Not too long ago, secondary metros were viewed as having limited economic opportunity, unlikely to ever outpace housing and property demands in big cities (primary markets) like New York, Los Angeles, Boston, or Atlanta. While secondary metros had started growing in popularity over the last several years, the onset of the COVID-19 pandemic accelerated the trend. Today, big cities are facing a decline in renters and housing demands, while secondary metros are experiencing incredible growth.
What is a Secondary Metro?
Secondary metros, also called secondary cities and secondary markets, are cities that are smaller than the largest cities in the United States. They are not as populated or as dense as primary markets. Secondary markets are also qualified by their growth potential. For example, they feature a sizable population with a strong job market and solid demand for housing.
Examples of secondary metros (many in the south and midwest) include:
- Greenville, NC
- Little Rock, AR
- Dallas, TX
- Durham, NC
- Toledo, OH
- Orlando, Fl
- Nashville, TN
- Austin, TX
- Kansas City, MO
- St. Louis, MO
- Portland, OR
Compared to primary metros, these cities offer lower cost of living, boast high quality of life, and many offer some of the nation’s top public school systems. Many of these cities have college communities, making them hubs for entertainment, cultural spaces, and a diverse range of restaurants.
The Pandemic Accelerated Growth of Secondary Metros
It’s a tale everyone is familiar with by now. The pandemic hit and everyone was forced to stay home as much as possible. Home became many people’s office, restaurant, child care center, school, gym, place to sleep, and place to relax. This reality hit people living in primary metros (most of whom live in homes less than 1,000 square feet) differently than anywhere else in the country.
Pre-COVID, big city dwellers justified small living spaces and exorbitant rent or mortgages with the fact that they needed to live near their jobs. Plus, the majority of their lives took place outside of the home. When forced to stay indoors, and with the option to work remotely, many people began looking to more affordable secondary markets. The appeal of more space, a better quality of life, a lower cost of living, led to many Gen Z and Millennial individuals leave cities.
This doesn’t just impact the housing and rental market. A decrease in the population and the ability to work remotely also negatively impacts demand for office and commercial space.
Who is Moving to Secondary Metros?
Gen Z has been the fastest-growing segment of renters over the last decade. Gen Z are choosing secondary metros in higher numbers than Millenials, especially over the last year. They are entering the job market during a time of enormous uncertainty, and they view the high rents of major metros as risky.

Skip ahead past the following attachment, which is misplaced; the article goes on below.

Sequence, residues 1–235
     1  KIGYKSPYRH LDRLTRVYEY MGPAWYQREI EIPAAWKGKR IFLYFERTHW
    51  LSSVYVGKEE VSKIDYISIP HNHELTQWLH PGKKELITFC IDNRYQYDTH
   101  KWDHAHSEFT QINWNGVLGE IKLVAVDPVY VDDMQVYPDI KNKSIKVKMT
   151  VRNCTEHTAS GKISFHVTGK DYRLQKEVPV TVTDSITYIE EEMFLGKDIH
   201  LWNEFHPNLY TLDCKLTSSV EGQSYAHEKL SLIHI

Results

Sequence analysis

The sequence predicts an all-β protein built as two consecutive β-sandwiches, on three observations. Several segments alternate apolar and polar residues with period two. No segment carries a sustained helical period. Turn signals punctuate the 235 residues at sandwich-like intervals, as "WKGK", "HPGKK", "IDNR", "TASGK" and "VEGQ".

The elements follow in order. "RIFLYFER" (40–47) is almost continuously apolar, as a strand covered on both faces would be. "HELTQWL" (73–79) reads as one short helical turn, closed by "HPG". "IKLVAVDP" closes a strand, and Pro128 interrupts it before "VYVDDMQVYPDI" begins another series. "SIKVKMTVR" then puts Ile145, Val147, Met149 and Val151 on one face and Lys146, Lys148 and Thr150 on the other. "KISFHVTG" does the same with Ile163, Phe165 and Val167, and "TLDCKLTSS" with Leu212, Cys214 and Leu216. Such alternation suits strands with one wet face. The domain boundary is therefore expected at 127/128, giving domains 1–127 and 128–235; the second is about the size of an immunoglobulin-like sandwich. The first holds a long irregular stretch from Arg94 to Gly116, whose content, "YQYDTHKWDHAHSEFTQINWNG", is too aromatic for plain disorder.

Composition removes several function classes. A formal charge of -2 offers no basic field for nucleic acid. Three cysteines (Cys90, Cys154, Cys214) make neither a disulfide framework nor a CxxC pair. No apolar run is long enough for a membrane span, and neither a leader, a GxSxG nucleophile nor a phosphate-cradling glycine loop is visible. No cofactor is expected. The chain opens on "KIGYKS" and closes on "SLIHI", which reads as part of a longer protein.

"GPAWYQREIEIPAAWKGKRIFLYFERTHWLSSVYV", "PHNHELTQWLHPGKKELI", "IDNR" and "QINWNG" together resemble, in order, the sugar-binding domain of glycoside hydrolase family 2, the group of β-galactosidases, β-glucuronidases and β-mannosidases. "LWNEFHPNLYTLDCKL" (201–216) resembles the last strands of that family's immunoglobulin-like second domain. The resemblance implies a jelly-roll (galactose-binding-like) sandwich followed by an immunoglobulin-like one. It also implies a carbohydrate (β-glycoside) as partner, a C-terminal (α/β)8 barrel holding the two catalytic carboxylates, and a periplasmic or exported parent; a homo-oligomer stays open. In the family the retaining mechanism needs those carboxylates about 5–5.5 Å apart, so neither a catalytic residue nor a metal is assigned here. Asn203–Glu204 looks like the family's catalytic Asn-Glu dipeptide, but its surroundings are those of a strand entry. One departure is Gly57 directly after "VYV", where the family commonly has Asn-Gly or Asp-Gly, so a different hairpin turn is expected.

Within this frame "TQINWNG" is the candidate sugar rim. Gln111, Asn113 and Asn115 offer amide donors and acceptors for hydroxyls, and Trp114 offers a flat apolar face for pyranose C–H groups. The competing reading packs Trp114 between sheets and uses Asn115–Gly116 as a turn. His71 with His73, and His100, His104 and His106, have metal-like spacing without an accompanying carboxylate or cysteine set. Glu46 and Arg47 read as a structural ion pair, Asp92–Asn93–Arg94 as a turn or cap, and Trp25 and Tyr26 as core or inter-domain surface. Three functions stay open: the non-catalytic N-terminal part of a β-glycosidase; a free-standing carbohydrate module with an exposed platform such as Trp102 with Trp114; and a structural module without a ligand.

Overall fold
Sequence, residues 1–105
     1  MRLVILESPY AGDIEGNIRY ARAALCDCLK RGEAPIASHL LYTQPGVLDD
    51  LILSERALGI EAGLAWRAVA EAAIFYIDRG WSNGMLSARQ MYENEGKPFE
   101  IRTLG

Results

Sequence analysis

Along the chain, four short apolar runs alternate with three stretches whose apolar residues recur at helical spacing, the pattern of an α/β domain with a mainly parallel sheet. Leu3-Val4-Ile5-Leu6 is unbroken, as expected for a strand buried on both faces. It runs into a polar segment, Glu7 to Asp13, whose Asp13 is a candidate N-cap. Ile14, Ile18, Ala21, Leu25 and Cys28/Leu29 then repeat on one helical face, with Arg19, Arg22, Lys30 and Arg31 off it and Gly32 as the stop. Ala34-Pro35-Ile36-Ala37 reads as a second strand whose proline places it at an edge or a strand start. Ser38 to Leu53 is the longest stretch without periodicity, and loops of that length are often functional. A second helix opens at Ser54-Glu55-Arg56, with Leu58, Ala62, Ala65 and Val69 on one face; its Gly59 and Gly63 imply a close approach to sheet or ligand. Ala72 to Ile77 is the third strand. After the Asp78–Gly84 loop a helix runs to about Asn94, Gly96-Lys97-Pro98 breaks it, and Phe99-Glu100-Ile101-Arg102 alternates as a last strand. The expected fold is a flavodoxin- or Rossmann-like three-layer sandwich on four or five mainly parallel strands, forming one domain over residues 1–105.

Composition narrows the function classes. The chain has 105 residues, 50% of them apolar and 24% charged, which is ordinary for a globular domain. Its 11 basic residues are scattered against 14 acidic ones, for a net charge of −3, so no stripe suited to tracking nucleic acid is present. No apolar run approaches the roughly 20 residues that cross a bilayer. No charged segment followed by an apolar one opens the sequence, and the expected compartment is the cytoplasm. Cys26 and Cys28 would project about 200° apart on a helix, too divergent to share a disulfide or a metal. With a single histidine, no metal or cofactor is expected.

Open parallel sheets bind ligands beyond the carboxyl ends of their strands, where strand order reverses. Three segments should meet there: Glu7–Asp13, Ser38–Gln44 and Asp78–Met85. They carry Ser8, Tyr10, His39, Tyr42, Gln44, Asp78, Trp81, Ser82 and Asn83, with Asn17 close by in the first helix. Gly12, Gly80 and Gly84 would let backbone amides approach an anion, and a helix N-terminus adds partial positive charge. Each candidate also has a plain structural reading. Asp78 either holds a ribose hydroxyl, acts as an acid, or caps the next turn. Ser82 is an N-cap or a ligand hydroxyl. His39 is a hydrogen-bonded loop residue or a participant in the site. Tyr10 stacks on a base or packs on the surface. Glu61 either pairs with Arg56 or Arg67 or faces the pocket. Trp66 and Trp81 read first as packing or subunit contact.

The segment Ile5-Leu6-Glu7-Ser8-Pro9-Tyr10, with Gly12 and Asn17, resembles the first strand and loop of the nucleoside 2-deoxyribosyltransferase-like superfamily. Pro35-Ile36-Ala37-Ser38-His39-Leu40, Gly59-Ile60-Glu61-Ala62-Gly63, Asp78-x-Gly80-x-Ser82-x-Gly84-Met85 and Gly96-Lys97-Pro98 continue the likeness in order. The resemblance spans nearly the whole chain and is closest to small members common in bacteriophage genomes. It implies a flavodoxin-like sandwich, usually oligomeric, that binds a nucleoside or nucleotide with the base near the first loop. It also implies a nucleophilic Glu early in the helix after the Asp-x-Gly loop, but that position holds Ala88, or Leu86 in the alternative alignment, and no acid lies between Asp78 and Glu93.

According to the most recent information from the National Apartment Association, Gen Z renters jumped by 36% in 2020 compared to 2019, with rentals not jumping in places like New York, Atlanta, Houston, Los Angeles, or San Francisco. The same survey found that 44% of Gen Z respondents said they’d prefer to live in a vibrant suburb over a large city.
As for Millenials, a large percentage of this group is coming into the stage of their lives where they have more financial stability and increased buying power. Millennials have been the largest group of home buyers over the last year, accounting for 61% of purchase loans in 2020 according to Ellie Mae Millennial Tracker.
The LightBox Investor Sentiment Report: 2021 Outlook found that this movement toward secondary markets is making them increasingly attractive to investors. A strong indicator for this was data showing that environmental due diligence conducted before commercial property deals in Q4 2020 surpassed Q4 in 2019. Strong population growth coupled with lucrative job opportunities supports secondary market growth, and has a positive impact on commercial real estate expansion and development.
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LightBox creates and distributes Sentiment Reports as part of our deep commitment to our clients’ success. The research presented is based on our own internal analytics along with surveys and interviews with industry professionals to identify and understand trends in the current real estate market.
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Category Commercial Real Estate